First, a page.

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Following from his distinction between freedom and necessity, Martin Hägglund tells us that “The rational aim, then, is to reduce the realm of necessity and increase the realm of freedom.” (223) The rational aim of politics, perhaps. But the Disengaged Buddhists remind us how many of life’s problems politics cannot solve. And these problems go right to Hägglund’s own core concepts of freedom and necessity.

Hägglund misses the point expressed in Ashleigh Brilliant’s wonderful epigram: freedom is not the goal, but you need freedom before you can decide what the goal is. Freedom itself, as the simple ability to do what one finds fulfilling, is empty of content. The most important thing is not merely to have room to pursue our ends, but to actually pursue them, which requires we think about which ends are really ours, which are really worth pursuing – and then actually do so. Free time is not the end, it is a means to the end. Alessandro Ferrara puts the point well in his Reflective Authenticity. Ferrara articulates the distinction that I have referred to as quantitative versus qualitative individualism, referring to each as autonomy and authenticity respectively – and he makes the key point that “authenticity presupposes autonomy.” (6, emphasis his) Without the ability to self-determine, a Hägglundian freedom, we cannot be our true selves. But that freedom is only a necessary condition for true self-expression, not a sufficient one!

Hägglund says that “To live in the realm of freedom is to be bound by the demands of your practical identity…” (261) But it isn’t. Not, at least, when the realm of freedom is identified the way that Hägglund has identified it – in terms of free time, time unconstrained by practical necessities like money-making. Time, in this respect, is a lot like money – not surprisingly, since each of these two can be used to purchase the other.

Many of us, when we find ourselves with free time, wind up spending that time on pursuits we know are futile, like returning to television shows or regularly updated websites that we do not even find especially entertaining (let alone educational). One of the most wonderful amenities provided by modern capitalism is retirement, for that is a period of life in which one can live entirely in Hägglund’s realm of freedom. Yet it turns out that many retirees enter this realm of freedom and find themselves – bored. They literally do not know what to do with themselves. They have put themselves in the realm of freedom over necessity as much as is humanly possible – and it turns out to be unsatisfying. Having the ability to determine oneself, it turns out, is not sufficient for actually doing so.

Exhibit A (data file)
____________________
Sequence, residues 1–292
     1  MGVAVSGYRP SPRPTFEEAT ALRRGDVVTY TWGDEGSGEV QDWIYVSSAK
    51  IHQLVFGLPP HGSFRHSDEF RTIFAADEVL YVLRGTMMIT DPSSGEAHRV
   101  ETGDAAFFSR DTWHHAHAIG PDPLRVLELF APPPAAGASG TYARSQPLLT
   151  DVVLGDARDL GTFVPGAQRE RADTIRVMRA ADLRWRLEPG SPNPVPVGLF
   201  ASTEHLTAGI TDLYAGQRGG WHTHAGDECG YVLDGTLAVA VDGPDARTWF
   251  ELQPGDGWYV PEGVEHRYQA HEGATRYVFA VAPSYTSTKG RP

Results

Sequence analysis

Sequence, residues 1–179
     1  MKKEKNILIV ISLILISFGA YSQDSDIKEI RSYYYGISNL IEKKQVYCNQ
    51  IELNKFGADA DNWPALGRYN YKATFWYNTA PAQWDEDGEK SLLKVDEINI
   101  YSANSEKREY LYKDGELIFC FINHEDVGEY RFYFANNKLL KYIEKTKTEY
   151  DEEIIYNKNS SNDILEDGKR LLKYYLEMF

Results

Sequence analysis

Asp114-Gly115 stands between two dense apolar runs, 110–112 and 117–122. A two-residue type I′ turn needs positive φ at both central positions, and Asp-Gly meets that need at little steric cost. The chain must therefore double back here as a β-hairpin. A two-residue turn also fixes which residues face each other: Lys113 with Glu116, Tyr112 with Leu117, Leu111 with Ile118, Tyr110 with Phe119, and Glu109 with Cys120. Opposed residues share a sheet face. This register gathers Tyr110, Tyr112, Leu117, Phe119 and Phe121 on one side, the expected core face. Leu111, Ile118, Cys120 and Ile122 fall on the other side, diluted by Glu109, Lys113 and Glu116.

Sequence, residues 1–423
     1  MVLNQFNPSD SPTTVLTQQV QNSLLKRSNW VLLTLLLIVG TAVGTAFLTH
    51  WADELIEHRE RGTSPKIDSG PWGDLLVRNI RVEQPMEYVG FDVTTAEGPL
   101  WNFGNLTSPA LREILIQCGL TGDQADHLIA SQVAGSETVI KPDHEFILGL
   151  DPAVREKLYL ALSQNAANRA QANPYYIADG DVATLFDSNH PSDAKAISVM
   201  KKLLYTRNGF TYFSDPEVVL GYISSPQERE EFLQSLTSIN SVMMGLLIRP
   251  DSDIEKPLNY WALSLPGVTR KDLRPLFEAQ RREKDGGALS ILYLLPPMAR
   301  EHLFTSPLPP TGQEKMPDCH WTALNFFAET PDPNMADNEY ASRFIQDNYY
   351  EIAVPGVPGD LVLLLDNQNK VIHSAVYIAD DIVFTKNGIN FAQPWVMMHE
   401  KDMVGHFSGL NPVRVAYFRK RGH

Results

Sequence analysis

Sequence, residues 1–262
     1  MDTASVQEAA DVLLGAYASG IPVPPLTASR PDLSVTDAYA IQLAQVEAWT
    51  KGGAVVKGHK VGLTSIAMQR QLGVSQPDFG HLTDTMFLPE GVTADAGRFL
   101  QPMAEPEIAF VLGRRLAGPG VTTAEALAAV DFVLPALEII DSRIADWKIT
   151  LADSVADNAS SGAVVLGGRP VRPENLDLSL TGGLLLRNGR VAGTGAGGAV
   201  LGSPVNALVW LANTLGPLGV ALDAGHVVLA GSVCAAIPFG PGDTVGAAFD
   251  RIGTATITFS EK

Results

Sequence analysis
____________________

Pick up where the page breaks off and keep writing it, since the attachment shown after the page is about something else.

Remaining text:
Hägglund’s problem here is one that would be diagnosed well by the “religious” thinkers he opposes (a curious category that includes Stoics and Epicureans as well as Buddhists – but more on that next time). He has fallen into the trap that has ensnared probably the majority of human beings in history and will surely continue to do so: a focus on external goods. A friend of mine once referred to such thinkers as “outside-in” thinkers: they presume that if the external conditions of our life are taken care of, then the life itself will be a good one. And that is not even remotely the case. Ashley MacIsaac found himself newly famous with a huge amount of money – enough that he would not have had to inhabit the realm of necessity ever again – and wound up a homeless crackhead as a result of addictions he had developed in this newly free world. MacIsaac and other addicts are not a weird exception, but simply on the far end of a continuum with everyday life: we are often not in control of ourselves. On this, Kant understands what Hägglund does not: that it can be our own internal tendencies that enslave us, that sometimes what we really need to be free from is ourselves.

A viable qualitative individualist ethics, I think, needs to be able to distinguish the worthwhile self, the one to be truly actualized and expressed, from those other elements within the self that inhibit its realization. That is, it needs a teleology. MacIntyre in After Virtue (52) says that Aristotle’s teleological scheme contains “a fundamental contrast between man-as-he-happens-to-be and man-as-he-could-be-if-he-realized-his-essential-nature. Ethics is the science which is to enable men to understand how they make the transition from the former state to the latter.” MacIntyre is no qualitative individualist, but it seems to me that an informed qualitative individualism must make exactly this distinction, just at the level of the particular rather than the universal: between this-person-as-they-happen-to-be and this-person-as-they-could-be-if-they-realized-their-essential-nature. That gap is often a yawning one, for we are too often our own worst enemies. (I think it is in recognizing such a gap – a divisibility within the self – that qualitatitive individualism can find common ground with Buddhism.)

These are all weaknesses in Hägglund’s view with respect to a qualitative individualist ideal of self-determination that he and I share. But there are other human ideals, at least important, which Hägglund is too hasty to dismiss. I turn to those next time.